What To Know About China’s RRR Cut

What To Know About China’s RRR Cut

As tipped by Li Keqiang at a State Council meeting earlier this week, China cut the reserve requirement ratio for all banks by 0.5% on Friday.

That takes the rate to the lowest since 2007. Some city commercial banks will see their RRR rate cut by a full percentage point. The moves will be implemented in steps, with the broad cut coming on September 16 and the targeted measures on October 15 and November 15.

The PBoC last cut RRR in May and before that in January. The latest move comes ahead of the Fed and three weeks after the PBoC introduced the revamped loan prime rate.

Read more: China Releases First Revamped Loan Prime Rate, Ushering In New Interest Rate Regime

Friday’s RRR cut will free up roughly 900 billion yuan in liquidity, the PBoC said. 800 billion yuan will be released by the broad RRR cut, and another 100 billion yuan from the targeted reduction.

“While it is not clear if this is more the result of considerations about perception, as the RRR is often seen as a blunt loosening tool or about financial stability (some believe too low of a RRR level can be bad for financial stability – though this is debatable), there appears to have been some reluctance to use broad based RRR cuts after the first cut in January”, Goldman wrote earlier this week.

Clearly, China has decided that the time for headline easing is now, as trade frictions continue to weigh on the economy. “The RRR cut will be a hedge against the tax period in mid-September”, the PBoC said on its website, being careful to insist that this doesn’t amount to a “flooding” of the system with liquidity. The bank’s commitment to stable monetary policy “has not changed”, the PBoC said.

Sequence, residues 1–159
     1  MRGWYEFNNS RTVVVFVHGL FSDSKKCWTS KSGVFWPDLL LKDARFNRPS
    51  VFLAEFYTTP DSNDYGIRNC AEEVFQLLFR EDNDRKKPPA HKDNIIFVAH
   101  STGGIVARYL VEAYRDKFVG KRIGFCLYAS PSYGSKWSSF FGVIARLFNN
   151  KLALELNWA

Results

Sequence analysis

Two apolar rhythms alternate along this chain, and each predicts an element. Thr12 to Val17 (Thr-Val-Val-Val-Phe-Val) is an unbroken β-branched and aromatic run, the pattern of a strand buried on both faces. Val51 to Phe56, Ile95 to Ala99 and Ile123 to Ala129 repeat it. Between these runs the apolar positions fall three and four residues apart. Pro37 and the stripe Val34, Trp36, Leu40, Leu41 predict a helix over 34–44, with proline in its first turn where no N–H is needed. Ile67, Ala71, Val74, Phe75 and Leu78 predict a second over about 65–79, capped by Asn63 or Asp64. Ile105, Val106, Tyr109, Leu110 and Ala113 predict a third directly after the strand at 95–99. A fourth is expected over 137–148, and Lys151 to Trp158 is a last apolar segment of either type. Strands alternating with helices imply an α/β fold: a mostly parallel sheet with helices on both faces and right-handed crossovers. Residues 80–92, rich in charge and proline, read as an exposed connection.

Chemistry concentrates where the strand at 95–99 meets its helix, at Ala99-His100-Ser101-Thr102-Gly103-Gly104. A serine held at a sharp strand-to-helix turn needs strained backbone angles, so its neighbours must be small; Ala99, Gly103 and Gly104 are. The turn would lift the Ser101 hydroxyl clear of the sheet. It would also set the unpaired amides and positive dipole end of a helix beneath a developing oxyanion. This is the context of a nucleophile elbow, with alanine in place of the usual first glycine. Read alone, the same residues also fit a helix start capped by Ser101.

“A RRR cut is likely needed for the boost on liquidity levels and its signaling impact [and] policymakers seem to have less reservation in RRR cuts than interest rate cuts during the current easing cycle”, BofA said Thursday, cautioning that “RRR cuts cannot be used to substitute for interest rate cuts or other quantitative measures to promote credit creation [because] past experience suggests RRR cuts tend to lower the short-term funding costs, but have limits in influencing long-term borrowing costs and promoting credit demand”.


Irrespective of how effective this incremental step is, it will likely rankle Donald Trump, who is particularly sensitive to easing by foreign central banks, and will doubtlessly mention today’s RRR cut at some point.

Make no mistake, today’s move likely isn’t the end of headline easing in China. Indeed, it’s likely Beijing cuts the MLF rate at some point this month, which would then feed through to the LPR print on the 20th, two days after the Fed meeting.

“The time for the PBOC to cut [MLF and LPR] would likely be just ahead of the Fed meeting”, Goldman said Wednesday, adding that “we do not think a Fed cut will be an obstacle for the PBOC given the strong signal [from the State Council meeting] and given the market appears to be pricing in 2 Fed cuts, in September and October, so the chance of a no-Fed cut at all in the next 2 months, appears very low”.

BofA agrees that benchmark cuts are coming. “In response to the State Council’s demand to lower real interest rates, the PBoC still has to cut both LPR rates (by cutting MLF rates) and benchmark deposit and lending rates”.

In other words, you can call today’s move largely symbolic if you like. But just note that more is almost surely coming.

Read more: No More Saving For A Rainy Day, China ‘Has To Resume Headline Easing Soon’, SocGen Warns

One thought on “What To Know About China’s RRR Cut

  1. After the cuts, the required reserve ratio will be 13 per cent for large banks, and 11 per cent for medium and small-sized banks. The rate will be even lower at 10 per cent and 7.5 per cent, respectively, for city commercial banks and county-level banks.

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